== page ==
url = 'https://en.wikipedia.org/wiki/List_of_OECD_countries_by_long-term_unemployment_rate'
table_join = read_table(url, 0, ['Long-term unemployment rate (2012)[1]'])
table_join.rename(columns={'Country/Territory': 'Country', 'Long-term unemployment rate (2016)[1]': 'Long-term unemployment rate'}, inplace=True)
index = 'Long-term unemployment rate'
table_join[index] = table_join[index].str[:-1].astype(float)
table = pd.merge(table, table_join, how='left')
# Meat consumption
url = 'https://en.wikipedia.org/wiki/List_of_countries_by_meat_consumption'
table_join = read_table(url, 1, ['Kg/person (2009)[10]'])
table_join.rename(columns={'Kg/person (2002)[9][note 1]': 'Kg meat/person'}, inplace=True)
table = pd.merge(table, table_join, how='left')
# Beer consumption
url = 'https://en.wikipedia.org/wiki/List_of_countries_by_beer_consumption_per_capita'
table_join = read_table(url, 2, ['2018change(litres per year)', 'Total nationalconsumption[a](million litresper year)', 'Year', 'Sources'])
table_join.rename(columns={'Consumptionper capita[1](litres per year)': 'Liter beer/person'}, inplace=True)
table = pd.merge(table, table_join, how='left')

print(table)
# Calculate the correlation
table_corr = table.corr()
# Print the correlation to GDP per capita (stored in US\$).
print(table_corr['US\$'].sort_values(ascending=False))
```

Resulting in the same final print statement.

```US\$                            1.000000
Kg meat/person                 0.706692
Liter beer/person              0.305120
Long-term unemployment rate   -0.249958
Name: US\$, dtype: float64
```

## Question: What does the data tell us?

Good question. What does our finding tell us? Let’s inspect the final output.

```US\$                            1.000000
Kg meat/person                 0.706692
Liter beer/person              0.305120
Long-term unemployment rate   -0.249958
Name: US\$, dtype: float64
```

The row with US\$ shows the full correlation to GDP per capita, which obviously has 100% (1.00000) correlation to GDP per capita, as it is the number itself.

The second row tells us that eating a lot of meat is highly correlated to GDP per capita. Does that then mean that a country should encourage all citizens to eat more meat to become richer? No, you cannot conclude that. It is probably the other way around. The richer a country is, the more meat they eat.

The last line tells us that long-term unemployment is negative related to GDP per capita. It is not surprising. It means, the more long-term unemployed people, the less GDP per capita. But it is not highly correlated, only (approximately) -25%.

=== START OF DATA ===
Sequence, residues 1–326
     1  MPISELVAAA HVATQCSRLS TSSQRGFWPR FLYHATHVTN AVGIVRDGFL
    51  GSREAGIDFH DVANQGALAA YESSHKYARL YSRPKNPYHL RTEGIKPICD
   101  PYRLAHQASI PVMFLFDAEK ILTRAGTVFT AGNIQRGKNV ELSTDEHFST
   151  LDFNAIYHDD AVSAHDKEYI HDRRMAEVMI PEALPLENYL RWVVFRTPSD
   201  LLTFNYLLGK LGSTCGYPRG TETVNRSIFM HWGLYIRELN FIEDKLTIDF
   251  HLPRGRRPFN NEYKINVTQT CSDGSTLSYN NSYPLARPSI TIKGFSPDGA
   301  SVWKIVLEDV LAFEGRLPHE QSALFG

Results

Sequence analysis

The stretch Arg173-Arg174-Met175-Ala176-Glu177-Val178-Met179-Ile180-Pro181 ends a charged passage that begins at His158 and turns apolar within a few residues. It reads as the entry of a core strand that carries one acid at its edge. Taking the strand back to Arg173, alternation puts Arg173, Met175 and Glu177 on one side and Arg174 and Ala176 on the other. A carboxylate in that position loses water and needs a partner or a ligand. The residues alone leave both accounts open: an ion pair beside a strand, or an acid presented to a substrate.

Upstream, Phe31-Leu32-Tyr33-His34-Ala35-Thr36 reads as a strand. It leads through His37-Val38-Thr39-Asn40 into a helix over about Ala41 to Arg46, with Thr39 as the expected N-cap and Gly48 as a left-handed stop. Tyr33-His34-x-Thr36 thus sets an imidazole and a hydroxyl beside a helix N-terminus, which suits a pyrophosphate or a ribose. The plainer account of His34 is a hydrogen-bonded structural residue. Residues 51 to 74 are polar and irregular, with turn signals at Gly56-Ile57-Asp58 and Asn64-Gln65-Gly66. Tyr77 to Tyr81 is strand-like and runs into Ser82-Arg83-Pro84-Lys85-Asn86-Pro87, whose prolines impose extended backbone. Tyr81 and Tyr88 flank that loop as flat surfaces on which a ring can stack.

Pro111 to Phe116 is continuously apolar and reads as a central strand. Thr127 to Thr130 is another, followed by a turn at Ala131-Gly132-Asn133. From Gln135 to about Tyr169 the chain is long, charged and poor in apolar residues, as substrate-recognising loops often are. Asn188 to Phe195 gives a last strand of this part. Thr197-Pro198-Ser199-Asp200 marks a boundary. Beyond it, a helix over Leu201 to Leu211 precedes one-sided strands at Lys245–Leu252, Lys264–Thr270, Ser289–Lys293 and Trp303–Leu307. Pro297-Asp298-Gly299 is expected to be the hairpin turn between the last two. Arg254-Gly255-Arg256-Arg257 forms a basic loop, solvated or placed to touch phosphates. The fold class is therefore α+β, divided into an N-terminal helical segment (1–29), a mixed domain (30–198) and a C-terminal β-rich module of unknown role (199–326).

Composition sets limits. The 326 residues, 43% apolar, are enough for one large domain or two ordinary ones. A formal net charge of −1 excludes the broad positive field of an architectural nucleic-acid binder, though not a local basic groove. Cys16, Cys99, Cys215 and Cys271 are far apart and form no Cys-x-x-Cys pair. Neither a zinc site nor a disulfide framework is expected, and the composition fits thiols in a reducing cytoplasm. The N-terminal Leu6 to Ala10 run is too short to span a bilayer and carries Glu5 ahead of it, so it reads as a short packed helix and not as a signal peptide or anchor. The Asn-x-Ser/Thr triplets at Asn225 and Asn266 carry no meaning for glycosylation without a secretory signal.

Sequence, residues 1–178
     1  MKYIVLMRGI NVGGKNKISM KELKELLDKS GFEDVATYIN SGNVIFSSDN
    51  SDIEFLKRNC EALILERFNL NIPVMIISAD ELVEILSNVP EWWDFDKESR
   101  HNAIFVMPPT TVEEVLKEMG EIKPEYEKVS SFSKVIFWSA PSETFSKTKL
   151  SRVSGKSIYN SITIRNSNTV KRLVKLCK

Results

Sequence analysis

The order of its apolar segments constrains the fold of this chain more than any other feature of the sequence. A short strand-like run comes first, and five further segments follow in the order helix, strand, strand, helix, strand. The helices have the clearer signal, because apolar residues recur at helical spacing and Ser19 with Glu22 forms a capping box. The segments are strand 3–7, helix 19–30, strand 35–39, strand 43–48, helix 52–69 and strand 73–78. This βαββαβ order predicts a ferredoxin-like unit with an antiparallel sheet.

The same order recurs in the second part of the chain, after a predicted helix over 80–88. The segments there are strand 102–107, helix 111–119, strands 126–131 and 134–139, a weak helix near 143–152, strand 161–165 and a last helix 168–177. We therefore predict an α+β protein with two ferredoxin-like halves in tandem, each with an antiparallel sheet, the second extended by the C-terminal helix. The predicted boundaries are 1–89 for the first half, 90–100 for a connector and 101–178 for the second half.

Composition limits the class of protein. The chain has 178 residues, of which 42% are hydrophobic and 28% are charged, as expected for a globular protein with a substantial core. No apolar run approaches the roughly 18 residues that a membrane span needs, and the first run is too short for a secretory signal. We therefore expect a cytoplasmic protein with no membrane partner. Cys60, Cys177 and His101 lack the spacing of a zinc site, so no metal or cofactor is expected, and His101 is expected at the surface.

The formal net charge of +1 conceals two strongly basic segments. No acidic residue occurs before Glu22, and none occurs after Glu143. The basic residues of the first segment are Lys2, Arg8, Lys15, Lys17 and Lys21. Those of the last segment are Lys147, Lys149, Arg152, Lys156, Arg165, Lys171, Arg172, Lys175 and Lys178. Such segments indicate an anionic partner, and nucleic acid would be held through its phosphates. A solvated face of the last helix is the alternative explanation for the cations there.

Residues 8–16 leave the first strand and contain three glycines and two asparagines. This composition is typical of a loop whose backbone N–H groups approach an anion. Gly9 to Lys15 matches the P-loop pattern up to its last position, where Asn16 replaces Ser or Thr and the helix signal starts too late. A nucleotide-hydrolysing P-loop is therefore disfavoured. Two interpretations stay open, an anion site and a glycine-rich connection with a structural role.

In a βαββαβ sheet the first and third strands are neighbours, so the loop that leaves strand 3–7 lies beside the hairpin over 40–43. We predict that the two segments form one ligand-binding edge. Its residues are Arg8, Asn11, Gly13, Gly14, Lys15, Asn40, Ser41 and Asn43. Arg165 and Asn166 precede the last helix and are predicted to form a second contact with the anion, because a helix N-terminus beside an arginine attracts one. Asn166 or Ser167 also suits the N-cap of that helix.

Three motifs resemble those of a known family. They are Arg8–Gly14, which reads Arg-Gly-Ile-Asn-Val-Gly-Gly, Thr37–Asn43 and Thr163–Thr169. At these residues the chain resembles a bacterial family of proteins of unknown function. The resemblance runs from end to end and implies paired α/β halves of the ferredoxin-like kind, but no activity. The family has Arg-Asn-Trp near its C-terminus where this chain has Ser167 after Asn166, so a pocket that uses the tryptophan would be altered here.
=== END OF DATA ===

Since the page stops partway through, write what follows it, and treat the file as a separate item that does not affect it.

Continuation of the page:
Surprisingly, it seems to have bigger positive impact to drink a lot of beer, then it has negative impact of long-term unemployment.

What a wonderful world.

## Understand the challenge

Most of the time when you read data into a pandas DataFrame it need to be prepared.

To be more concrete, let’s look at an example. Let’s consider we want to look at the List of largest companies by revenue on Wikipedia.

You can read an inspect the data by the following code by using a DataFrame from the pandas library.

```import pandas as pd
pd.set_option('display.max_rows', 300)
pd.set_option('display.max_columns', 10)
pd.set_option('display.width', 1000)

url = 'https://en.wikipedia.org/wiki/List_of_largest_companies_by_revenue'
table = tables[0]
print(table)
print(table.dtypes)
```

Notice that we use pd.set_option calls to get the full view. If you are new to read_html from the pandas library, we recommend you read this tutorial.

The top of the output will be as follows.

```    Rank                        Name                     Industry Revenue(USD millions) Profit(USD millions)  Employees                       Country   Ref
0      1                     Walmart                       Retail              \$514,405               \$6,670    2200000                 United States   [5]
1      2               Sinopec Group                  Oil and gas              \$414,650               \$5,845     619151                         China   [6]
2      3           Royal Dutch Shell                  Oil and gas              \$396,556              \$23,352      81000  Netherlands / United Kingdom   [7]
3      4    China National Petroleum                  Oil and gas              \$392,976               \$2,270    1382401                         China   [8]
4      5                  State Grid                  Electricity              \$387,056               \$8,174     917717                         China   [9]
5      6                Saudi Aramco                  Oil and gas              \$355,905             \$110,974      76418                  Saudi Arabia  [10]
6      7                          BP                  Oil and gas              \$303,738               \$9,383      73000                United Kingdom  [11]
7      8                  ExxonMobil                  Oil and gas              \$290,212              \$20,840      71000                 United States  [12]
8      9                  Volkswagen                   Automotive              \$278,341              \$14,332     664496                       Germany  [13]
```

And the last lines.

```Rank                      int64
Name                     object
Industry                 object
Revenue(USD millions)    object
Profit(USD millions)     object
Employees                 int64
Country                  object
Ref                      object
dtype: object
```

Where we see interesting information about what data types each column has. Not surprisingly, the Revenue and Profit columns are of type object (which are strings in this case).